Alabama judge who ruled that if the AHJ is not penalized for flawed interpretations of codes and ordinances, then the EC could not be penalized for errors and omissions has been upheld by AL Appellate Court. (I have condensed the 9 page ruling to the above). Also, Supreme Court has refused to hear appeal regarding the copyright of the NEC. The 5th Federal Circuit Court of Appeals ruled that: “If a code is adopted as a law by a municipality, it must be available free to those who fall under the law”. “….once it becomes law, the prevailing public interest is in making it available to people free so they can know what the law is”. At this time, the ruling is effective in the 5th district only (Texas, Louisiana, and Mississippi). Utilizing this ruling I have a copy of the NEC with amendments in 8-1/2x11 form (812 pages), local zoning ordinances (1229 pages), and local building codes (1140 pages). The County Court Clerk was very obliging and said that I can receive free copies of any local codes, laws, or ordinances. I did have to wait about three weeks after my request to receive the documents. I don’t know how others feel but I believe that the 5th Circuit made the correct ruling, as an EC or anyone, should not be required to pay $65 or so per copy every three years to find out what the law is. The upcoming 2005 NEC may be the last as we know it and in lieu of full publications every three years only addendums to affected chapters would be published as municipalities all over are having budget problems and they can ill-afford the cost of providing hundreds, or thousands, of free copies. Rowdy
So you think that the government is required to provide free copies of all statutes to everyone? I don't think so. Have you ever looked at the complete set of laws for a state? Even these laws are copyrighted by publishers and sold to attorneys and others. A full set for a single state costs thousands of dollars. No, copies should not be required to be provide free of charge. They are required to be available for viewing upon request. The court ruling only applies to the 3 states and I would expect that if someone publishes the NEC online, that the NFPA would mount a very vigorous defense of their copyright. If the NFPA loses the copyright protection on the NEC, there will no more NEC. Each governmental unit will be forced to write its own codes. What a mess that will be. Don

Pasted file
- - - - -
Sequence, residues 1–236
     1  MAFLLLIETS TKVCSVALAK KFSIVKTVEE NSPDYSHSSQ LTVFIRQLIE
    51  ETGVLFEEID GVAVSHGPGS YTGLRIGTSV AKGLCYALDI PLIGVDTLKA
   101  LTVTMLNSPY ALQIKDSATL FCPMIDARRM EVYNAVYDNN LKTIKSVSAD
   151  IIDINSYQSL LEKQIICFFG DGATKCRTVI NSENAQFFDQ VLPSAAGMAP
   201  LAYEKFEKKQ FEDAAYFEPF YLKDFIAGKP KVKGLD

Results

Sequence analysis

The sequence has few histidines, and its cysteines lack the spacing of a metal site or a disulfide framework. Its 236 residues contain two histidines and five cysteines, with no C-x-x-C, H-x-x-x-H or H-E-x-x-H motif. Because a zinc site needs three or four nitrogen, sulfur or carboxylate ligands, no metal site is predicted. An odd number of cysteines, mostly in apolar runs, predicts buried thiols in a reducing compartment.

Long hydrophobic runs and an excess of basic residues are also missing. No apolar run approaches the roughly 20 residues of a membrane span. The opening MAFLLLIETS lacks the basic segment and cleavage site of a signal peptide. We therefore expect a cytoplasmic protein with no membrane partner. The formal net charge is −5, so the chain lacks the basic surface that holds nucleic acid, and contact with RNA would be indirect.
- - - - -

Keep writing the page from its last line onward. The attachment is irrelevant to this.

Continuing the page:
resqcapt19 The NEC on-line is what precipitated the 5th district involvment. A challenge was made to the NEC being placed on-line in TX and they lost. The NEC only loses it's copyright if it is accepted as law by states or municipalities. That is probably why more and more munis are enacting legislation declaring the NEC "advisory". That clears the muni of providing free copies and protects the copyright. Rowdy
Listings of ordinances from several Municipalies (including Building, Plumbing, and Electrical Codes in many cases). Not all of the AHJ's in IL, but a fair number. As more of america gets "wired", more municipalities are finding it easier to maintain codes on line, rather than paying the $$$ to continually update print versions.
Although most codifiers (code publishers) simply publish update pages, as was suggested earlier in this thread; Maybe the NEC will follow suit as a matter of course, instead of just for the loose-leaf subscribers.
Having problems posting links...sorry!
[This message has been edited by DougW (edited 05-23-2004).]
I have been following this site and the copyright thread is attention-grabbing. I did a bit of rummaging around and found the amici curiae, which for those not legally inclined, is defined as “A party that is not involved in a particular litigation but that is allowed by the court to advise it on a matter of law directly affecting the litigation”. The amici has some fascinating associations. Certain of them are NFPA, BOCA, ICC, ANSI, ASAE, ASHRAE, UL, and believe it or not, the American Medical Association, and others. Each and every one of these associations has a legitimate concern in preserving copyright protection on their publications. The state of affairs that precipitated a setback to the domination by the associations was when governmental entities acknowledged assorted documents and the copyright holders allowed the codes to be integrated into laws which to all intents and purposes stripped the copyright shield. The ruling by the federal court substantiates court determinations from as far back as 1886 that law cannot be copyrighted. This does not mean that you may place the NEC or other copyrighted documents on a web site for free access. It does however mean that you may place the codes, ordinances, and laws of governmental agencies on a free access web site even if they contain a full copy of the NEC or other proprietary manuals. Sam